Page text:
Treasury secretary doesn't see AI as a threat to jobs

At least not for another 50 to 100 years.

Kevin Lamarque / Reuters

Anyone who's been paying attention to the rise of machine learning and artificial intelligence over the last decade likely will admit that those technologies are going to effect the economy in ways we can't fully predict quite yet. For treasury secretary Steve Mnuchin, however, it's apparently business as usual. In an interview today with Mike Allen from Axios, Mnuchin said that technology that could displace jobs was "50 to 100 more years" away and that the issue is "not even on my radar screen."

Mnuchin went on to clarify his comment a bit, noting that he doesn't think self-driving cars use artificial intelligence because "that's computers and using real technology we have today." It's a comment that shows his understanding of machine learning and AI to be rather short-sighted and outdated. Mnuchin said that he is thinking more about robots taking people's jobs, invoking the R2-D2 droid from Star Wars, saying that a self-driving car network is "very different from artificial, you know, R2-D2 taking over your job."

Overall, he said he's "not at all" worried about robots or AI displacing jobs in the short term. "in fact, I'm optimistic," he said, referring to the potential of technology to help "create productivity." That may be true -- but last December, the Obama administration released a detailed report that claimed automation and artificial intelligence could affect between nine and 47 percent of jobs over the next 10 to 20 years. There's a lot of room for ambiguity in that figure, but even the low end of estimates is still a notable impact.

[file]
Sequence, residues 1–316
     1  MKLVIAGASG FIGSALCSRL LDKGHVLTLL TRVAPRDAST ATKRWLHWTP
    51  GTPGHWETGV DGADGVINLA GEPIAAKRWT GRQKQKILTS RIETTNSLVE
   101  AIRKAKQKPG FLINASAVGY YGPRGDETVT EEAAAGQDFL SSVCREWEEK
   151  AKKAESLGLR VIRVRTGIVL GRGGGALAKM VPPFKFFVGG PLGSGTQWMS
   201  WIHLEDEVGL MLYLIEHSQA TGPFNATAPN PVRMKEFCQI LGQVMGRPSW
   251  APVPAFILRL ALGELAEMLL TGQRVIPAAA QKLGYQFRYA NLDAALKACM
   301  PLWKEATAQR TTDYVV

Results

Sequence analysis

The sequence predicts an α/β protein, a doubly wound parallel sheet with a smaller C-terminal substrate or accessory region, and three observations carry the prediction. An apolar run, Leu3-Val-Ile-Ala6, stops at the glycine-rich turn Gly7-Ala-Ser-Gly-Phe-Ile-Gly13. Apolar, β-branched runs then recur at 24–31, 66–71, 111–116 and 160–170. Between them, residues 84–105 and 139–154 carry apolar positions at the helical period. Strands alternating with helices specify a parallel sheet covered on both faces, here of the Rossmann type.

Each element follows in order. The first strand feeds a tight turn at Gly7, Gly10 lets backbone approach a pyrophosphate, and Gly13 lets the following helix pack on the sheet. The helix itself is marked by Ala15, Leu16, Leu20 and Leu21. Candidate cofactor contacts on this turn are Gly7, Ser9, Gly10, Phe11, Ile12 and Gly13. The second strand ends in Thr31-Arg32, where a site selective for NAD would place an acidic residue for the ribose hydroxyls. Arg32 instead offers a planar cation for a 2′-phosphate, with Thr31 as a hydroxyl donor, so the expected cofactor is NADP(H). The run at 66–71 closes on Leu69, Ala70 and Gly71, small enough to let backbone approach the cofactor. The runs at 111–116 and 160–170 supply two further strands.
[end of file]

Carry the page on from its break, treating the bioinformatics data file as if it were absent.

Not surprisingly, the reaction to Mnuchin's comments from tech leaders came swiftly and with much condemnation. Futurist author Amy Web went on a tweetstorm in which she said that Mnuchin's comment was "one of the most misguided things I've heard from the Trump Admin so far." Indie developer Brian Mueller called his comments "dangerously incompetent," while former Clinton Administration official Larry Irving said that Mnuchin's view was "actually kind of frightening."

There will likely be plenty more comments condemning this viewpoint, as there are many examples of instances in which technology will start to replace jobs being done by humans. Just look at Amazon's grocery that doesn't need human cashiers, or the many companies working on delivery by drone -- and that's to say nothing of the impact the self-driving car will have, something Mnuchin did at least acknowledge. But when Bill Gates is proposing robot taxes to help humans find jobs when machines take over, it's pretty short-sighted not to consider that the impact of AI will be felt sooner than later.